In these clinical trials, the following events occurred in ≥ 2% of all CIPRO XR patients: nausea (4%), headache (3%), dizziness (2%), diarrhea (2%), vomiting (2%) and vaginal moniliasis (2%).
Adverse reactions, judged by investigators to be at least possibly drug-related, occurring in greater than or equal to 1% of all CIPRO XR treated patients were: nausea (3%), diarrhea (2%), headache (1%), dyspepsia (1%), dizziness (1%), and vaginal moniliasis (1%). Vomiting (1%) occurred in the 1000 mg group.
|System Organ Class||Adverse Reactions|
|Body as a Whole||Abdominal pain|
|Central Nervous System||Abnormal dreams|
Convulsive seizures (including status epilepticus) Depersonalization
Depression (potentially culminating in self-injurious behavior, such as suicidal ideations/thoughts and attempted or completed suicide)
|Hepatobiliary Disorders||Liver function tests abnormal|
Kidney function abnormal
The following adverse reactions have been reported from worldwide marketing experience with fluoroquinolones, including CIPRO XR. Because these reactions are reported voluntarily from a population of uncertain size, it is not always possible to reliably estimate their frequency or establish a causal relationship to drug exposure (Table 3).
|System Organ Class||Adverse Reactions|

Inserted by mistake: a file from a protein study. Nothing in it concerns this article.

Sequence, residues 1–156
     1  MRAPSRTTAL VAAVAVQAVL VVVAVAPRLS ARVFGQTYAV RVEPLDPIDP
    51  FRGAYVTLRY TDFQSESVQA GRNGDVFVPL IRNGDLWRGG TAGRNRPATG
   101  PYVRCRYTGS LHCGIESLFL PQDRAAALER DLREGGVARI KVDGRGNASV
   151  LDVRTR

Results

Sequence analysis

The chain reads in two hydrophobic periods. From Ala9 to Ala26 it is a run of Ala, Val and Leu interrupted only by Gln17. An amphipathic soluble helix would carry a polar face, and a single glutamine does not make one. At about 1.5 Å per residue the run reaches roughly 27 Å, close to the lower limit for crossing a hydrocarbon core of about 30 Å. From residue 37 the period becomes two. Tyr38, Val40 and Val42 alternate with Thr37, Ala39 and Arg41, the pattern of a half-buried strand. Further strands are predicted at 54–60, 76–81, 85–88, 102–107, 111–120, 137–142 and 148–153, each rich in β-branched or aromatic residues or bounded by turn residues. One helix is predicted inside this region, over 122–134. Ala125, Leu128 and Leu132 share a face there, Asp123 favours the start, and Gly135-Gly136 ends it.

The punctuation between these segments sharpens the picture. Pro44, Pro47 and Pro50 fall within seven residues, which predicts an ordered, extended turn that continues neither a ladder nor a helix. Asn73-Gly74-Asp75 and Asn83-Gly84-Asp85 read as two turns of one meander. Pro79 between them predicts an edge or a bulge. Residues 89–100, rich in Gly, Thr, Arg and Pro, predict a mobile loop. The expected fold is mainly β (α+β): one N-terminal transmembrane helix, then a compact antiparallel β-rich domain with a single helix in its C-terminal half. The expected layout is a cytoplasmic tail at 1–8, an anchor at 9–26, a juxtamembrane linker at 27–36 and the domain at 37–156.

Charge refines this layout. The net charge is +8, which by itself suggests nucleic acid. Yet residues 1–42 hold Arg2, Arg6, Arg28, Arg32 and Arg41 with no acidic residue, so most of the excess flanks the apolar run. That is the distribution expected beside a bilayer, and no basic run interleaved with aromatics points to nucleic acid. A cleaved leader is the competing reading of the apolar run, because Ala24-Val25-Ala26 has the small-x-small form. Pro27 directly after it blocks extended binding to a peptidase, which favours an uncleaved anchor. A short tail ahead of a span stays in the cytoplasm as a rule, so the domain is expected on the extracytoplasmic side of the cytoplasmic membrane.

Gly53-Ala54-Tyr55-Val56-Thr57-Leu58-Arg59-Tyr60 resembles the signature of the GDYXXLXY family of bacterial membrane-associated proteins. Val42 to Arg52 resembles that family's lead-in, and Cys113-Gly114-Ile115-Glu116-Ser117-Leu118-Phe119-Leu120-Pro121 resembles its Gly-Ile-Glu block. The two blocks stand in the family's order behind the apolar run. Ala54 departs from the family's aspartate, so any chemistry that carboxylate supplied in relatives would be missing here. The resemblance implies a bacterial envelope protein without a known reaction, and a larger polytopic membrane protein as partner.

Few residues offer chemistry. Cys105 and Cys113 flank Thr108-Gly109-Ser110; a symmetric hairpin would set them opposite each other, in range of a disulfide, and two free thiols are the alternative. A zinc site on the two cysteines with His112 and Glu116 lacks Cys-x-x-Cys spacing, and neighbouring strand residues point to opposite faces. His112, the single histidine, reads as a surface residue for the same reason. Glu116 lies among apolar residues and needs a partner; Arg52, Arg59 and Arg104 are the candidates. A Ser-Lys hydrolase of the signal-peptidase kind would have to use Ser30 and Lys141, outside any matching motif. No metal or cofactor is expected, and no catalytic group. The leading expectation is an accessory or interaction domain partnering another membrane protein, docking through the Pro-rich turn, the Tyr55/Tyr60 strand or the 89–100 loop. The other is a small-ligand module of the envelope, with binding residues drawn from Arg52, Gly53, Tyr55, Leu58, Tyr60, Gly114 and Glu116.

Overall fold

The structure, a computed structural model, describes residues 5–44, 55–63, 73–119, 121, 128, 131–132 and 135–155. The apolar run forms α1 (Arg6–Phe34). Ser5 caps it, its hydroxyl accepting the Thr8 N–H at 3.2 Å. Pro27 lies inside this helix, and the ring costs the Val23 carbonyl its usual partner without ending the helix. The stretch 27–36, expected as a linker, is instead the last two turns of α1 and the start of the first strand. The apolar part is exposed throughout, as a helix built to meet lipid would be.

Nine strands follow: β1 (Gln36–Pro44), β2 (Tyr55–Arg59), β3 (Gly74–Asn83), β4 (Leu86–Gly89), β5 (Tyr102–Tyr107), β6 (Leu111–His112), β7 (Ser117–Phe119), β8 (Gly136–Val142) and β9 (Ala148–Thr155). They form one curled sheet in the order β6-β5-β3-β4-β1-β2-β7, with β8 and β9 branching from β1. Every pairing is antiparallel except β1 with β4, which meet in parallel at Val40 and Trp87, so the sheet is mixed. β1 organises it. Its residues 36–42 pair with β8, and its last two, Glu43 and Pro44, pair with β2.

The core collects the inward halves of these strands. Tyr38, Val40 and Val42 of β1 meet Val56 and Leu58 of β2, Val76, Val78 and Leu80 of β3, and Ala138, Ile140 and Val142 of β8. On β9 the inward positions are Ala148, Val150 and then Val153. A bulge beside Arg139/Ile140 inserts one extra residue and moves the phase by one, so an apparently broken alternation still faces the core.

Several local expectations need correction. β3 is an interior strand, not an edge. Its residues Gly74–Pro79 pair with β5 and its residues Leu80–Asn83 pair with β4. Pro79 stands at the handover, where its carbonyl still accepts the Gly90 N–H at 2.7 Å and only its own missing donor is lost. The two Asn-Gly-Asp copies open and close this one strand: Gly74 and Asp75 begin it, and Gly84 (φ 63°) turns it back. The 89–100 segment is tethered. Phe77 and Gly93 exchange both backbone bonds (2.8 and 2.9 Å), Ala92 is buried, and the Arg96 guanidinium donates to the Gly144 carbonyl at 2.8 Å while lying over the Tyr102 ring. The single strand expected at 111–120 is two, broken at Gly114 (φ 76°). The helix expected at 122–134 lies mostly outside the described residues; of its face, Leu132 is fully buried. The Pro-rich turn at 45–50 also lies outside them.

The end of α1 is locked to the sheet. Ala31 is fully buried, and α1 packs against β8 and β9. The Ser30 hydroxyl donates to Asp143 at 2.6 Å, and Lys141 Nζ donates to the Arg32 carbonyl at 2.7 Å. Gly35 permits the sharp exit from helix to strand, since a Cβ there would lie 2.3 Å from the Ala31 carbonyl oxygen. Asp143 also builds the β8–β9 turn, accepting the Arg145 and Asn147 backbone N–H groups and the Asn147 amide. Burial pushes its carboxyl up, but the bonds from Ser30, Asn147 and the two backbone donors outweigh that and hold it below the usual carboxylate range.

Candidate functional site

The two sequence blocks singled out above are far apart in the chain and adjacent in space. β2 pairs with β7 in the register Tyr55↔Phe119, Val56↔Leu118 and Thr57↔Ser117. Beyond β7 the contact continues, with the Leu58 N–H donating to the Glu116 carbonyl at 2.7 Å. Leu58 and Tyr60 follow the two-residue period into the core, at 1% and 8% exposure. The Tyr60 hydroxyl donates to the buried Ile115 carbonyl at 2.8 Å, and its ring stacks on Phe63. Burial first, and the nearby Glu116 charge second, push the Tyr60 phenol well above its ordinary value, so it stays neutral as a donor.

Torsade de Pointes
Vasculitis and ventricular arrhythmia
|Central Nervous System||Hypertonia|
Exacerbation of myasthenia gravis
|Hemic/Lymphatic||Pancytopenia (life threatening or fatal outcome)|
|Hepatobiliary||Hepatic failure (including fatal cases)|
|Infections and Infestations||Candidiasis (oral, gastrointestinal, vaginal)|
|Investigations||Prothrombin time prolongation or decrease|
Cholesterol elevation (serum)
Potassium elevation (serum)
|Skin/Hypersensitivity||Acute generalized exanthematous pustulosis (AGEP)|
Serum sickness-like reaction
Adverse Laboratory Changes
Changes in laboratory parameters while on CIPRO are listed below:
Hepatic – Elevations of ALT (SGPT), AST (SGOT), alkaline phosphatase, LDH, serum bilirubin.
Hematologic – Eosinophilia, leukopenia, decreased blood platelets, elevated blood platelets, pancytopenia.
Renal – Elevations of serum creatinine, BUN, crystalluria, cylindruria, and hematuria have been reported.
Other changes occurring were: elevation of serum gammaglutamyl transferase, elevation of serum amylase, reduction in blood glucose, elevated uric acid, decrease in hemoglobin, anemia, bleeding diathesis, increase in blood monocytes, and leukocytosis.
What drugs interact with Cipro (ciprofloxacin)?
Ciprofloxacin is an inhibitor of human cytochrome P450 1A2 (CYP1A2) mediated metabolism. Co-administration of CIPRO XR with other drugs primarily metabolized by CYP1A2 results in increased plasma concentrations of these drugs and could lead to clinically significant adverse events of the co-administered drug.
|Drugs That are Affected by CIPRO|
|Tizanidine||Contraindicated||Concomitant administration of tizanidine and CIPRO XR is contraindicated due to the potentiation of hypotensive and sedative effects of tizanidine.|
|Theophylline||Avoid Use (Plasma Exposure Likely to be Increased and Prolonged)||Concurrent administration of CIPRO XR with theophylline may result in increased risk of a patient developing central nervous system (CNS) or other adverse reactions. If concomitant use cannot be avoided, monitor serum levels of theophylline and adjust dosage as appropriate.|